A very intelligent, probably overworked telephone solicitor for a certain Senatorial Campaign called to check on why I had not yet sent in my “generous pledge of $230” ostensibly made back in April.  I guess that “I don’t make pledges over the phone, and, in any large amounts my wife and I prefer to consult before committing.  Can you send material by mail and we’ll talk it over?” could be confused for making a pledge.

The caller was patient when I objected and even listened to my complaint that campaign contributions tend to buy ads that are based more on contention and demonizing opponents than on anything that persuades otherwise confirmed political silo campers to vote differently.  I told him that I would prefer a different approach.

He asked, “What would you recommend?  I have a section on my screen for suggestions.”  Always a sucker for an invitation, I shared an idea that my wife and I have had for years.  Let the candidate take a significant portion of campaign money and with it organize a very substantive community improvement project that meets an unmet need.  Let this project utilize volunteers from across most of the political spectrum, demonstrating commitment to measurable outcomes and ability to bring the community together in efforts that matter.  And forget buying attack ads. Just tell us your better ideas and your plans to help colleagues on both sides of the aisle to crank out truly useful legislation and repeal what no longer serves well.

After an, “I know what you mean . . .” which fooled me momentarily thinking that he was actually listening with empathy, the solicitor launched into this breathless explanation from what had to be a well rehearsed Plan C script about how important it was to keep the crazies on the ___ side of the aisle from dominating the Senate and ostensibly destroying Democracy as we know it.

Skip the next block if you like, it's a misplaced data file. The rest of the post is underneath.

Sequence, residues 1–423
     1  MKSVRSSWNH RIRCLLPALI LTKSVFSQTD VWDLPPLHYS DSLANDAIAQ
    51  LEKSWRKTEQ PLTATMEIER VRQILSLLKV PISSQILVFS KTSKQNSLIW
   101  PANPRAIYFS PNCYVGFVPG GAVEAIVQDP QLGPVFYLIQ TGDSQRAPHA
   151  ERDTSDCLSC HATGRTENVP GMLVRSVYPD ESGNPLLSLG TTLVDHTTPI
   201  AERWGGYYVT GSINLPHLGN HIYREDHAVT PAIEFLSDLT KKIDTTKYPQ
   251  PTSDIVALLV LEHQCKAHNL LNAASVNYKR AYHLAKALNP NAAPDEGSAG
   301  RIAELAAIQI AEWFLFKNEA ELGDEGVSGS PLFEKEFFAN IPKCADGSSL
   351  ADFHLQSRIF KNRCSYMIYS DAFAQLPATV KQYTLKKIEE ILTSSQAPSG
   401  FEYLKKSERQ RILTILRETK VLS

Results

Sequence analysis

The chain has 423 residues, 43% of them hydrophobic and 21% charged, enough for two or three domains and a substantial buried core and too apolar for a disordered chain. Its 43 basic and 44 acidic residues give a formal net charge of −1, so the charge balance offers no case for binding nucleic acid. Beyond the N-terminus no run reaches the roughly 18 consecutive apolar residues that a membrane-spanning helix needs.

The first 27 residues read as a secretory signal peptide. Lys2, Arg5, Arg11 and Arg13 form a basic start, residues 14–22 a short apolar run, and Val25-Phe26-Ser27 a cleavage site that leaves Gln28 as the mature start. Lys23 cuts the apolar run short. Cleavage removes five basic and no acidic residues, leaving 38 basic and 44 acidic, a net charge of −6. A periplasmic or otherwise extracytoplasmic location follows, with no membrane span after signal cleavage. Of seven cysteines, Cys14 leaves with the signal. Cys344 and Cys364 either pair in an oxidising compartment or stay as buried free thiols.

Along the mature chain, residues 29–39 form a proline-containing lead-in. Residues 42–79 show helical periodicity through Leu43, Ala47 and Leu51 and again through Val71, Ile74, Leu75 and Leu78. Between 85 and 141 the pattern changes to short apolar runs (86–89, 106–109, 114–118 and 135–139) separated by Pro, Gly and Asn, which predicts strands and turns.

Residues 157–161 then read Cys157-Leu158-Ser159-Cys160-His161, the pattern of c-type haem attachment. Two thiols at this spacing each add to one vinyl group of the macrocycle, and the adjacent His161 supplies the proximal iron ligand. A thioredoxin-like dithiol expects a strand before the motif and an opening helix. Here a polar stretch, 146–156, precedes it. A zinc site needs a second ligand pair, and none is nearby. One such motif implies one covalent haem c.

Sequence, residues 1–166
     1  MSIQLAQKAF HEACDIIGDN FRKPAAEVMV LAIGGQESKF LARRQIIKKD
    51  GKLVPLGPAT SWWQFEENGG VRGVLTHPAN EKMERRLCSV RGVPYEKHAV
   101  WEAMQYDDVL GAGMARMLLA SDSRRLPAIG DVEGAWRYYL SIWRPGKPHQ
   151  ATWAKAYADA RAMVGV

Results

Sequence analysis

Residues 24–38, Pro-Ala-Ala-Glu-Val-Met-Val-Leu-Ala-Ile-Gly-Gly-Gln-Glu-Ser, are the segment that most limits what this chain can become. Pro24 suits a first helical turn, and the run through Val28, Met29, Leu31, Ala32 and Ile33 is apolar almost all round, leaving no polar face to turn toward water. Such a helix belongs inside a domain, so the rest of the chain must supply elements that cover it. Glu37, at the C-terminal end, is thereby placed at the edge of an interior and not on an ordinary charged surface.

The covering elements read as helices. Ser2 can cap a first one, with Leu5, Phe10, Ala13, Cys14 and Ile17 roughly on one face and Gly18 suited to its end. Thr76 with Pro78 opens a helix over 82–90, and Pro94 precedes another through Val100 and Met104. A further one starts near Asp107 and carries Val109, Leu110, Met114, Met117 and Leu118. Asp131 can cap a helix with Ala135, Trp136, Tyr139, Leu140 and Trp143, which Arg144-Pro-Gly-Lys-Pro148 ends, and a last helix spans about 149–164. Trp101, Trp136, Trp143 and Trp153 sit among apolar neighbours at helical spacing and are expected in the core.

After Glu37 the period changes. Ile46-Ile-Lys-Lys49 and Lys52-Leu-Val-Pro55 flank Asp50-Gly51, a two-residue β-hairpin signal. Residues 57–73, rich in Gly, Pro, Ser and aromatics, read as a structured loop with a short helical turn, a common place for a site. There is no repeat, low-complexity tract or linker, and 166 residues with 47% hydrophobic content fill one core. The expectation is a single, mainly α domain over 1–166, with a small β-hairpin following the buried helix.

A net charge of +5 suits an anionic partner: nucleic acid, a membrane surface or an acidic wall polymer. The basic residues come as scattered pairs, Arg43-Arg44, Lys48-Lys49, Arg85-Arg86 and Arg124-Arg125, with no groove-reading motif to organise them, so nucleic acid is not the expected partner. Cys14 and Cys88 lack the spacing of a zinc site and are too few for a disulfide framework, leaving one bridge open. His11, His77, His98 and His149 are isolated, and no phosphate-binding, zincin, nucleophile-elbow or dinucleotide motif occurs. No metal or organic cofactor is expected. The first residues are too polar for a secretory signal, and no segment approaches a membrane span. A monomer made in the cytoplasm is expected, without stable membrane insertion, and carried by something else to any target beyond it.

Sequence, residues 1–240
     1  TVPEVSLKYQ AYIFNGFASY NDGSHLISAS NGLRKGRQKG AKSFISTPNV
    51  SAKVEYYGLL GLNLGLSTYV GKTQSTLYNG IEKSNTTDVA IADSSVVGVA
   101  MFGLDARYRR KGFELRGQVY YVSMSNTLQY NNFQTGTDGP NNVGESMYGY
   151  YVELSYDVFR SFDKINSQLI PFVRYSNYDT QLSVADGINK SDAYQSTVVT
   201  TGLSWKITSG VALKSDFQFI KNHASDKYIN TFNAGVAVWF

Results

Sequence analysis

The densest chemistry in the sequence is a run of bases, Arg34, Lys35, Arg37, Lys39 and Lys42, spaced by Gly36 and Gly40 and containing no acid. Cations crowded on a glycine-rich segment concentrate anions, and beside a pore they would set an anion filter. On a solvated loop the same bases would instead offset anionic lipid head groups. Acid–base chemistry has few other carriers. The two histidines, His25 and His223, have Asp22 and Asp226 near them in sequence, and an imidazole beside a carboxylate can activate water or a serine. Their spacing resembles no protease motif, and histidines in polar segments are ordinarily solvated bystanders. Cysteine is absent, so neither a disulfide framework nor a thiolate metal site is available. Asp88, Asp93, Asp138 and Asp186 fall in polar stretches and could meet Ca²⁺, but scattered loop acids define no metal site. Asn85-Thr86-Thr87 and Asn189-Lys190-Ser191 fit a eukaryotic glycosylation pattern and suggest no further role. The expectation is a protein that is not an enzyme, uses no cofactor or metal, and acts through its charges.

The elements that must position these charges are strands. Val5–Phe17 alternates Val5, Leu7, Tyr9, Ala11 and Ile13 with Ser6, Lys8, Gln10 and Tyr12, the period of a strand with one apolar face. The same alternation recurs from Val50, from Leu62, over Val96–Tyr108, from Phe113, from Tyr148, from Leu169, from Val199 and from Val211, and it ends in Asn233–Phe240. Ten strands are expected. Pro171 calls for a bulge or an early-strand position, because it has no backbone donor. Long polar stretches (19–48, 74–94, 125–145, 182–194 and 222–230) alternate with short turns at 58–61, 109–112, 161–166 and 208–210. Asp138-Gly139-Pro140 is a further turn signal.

I felt sorry for the guy but not sorry enough to fork over more cash for the conquest.  “All you will do is to continue the rhetorical tennis match in the media and it will do little to incline one to make a more reasoned choice at the polls.”  I know this first hand as a member of a city council where a recent and well researched initiative was just defeated by local voters  2:1 thanks to an aggressive negative campaign.

So when do we stop supporting the political campaign addictions that plague so much of politics; well funded, professionally produced diatribes and misinformation that feed gridlock, fear, segregation and frustrate what little political progress is possible? To keep doing what we are doing and expect different results?

When Trust Takes A Vacation

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We are fortunate to live in a democratic republic where free speech is guaranteed. Anyone can raise any question or make any comment about what government officials do or neglect to do, what they say or what they fail to say. A little skepticism is useful. Albert Einstein is said to have remarked: “Blind belief in authority is the greatest enemy of truth.”

Skepticism is one thing. Distrust as a political philosophy, however, is another. What are we to make of growing distrust between some citizens and the people they elect – even when demonstrable progress is being made?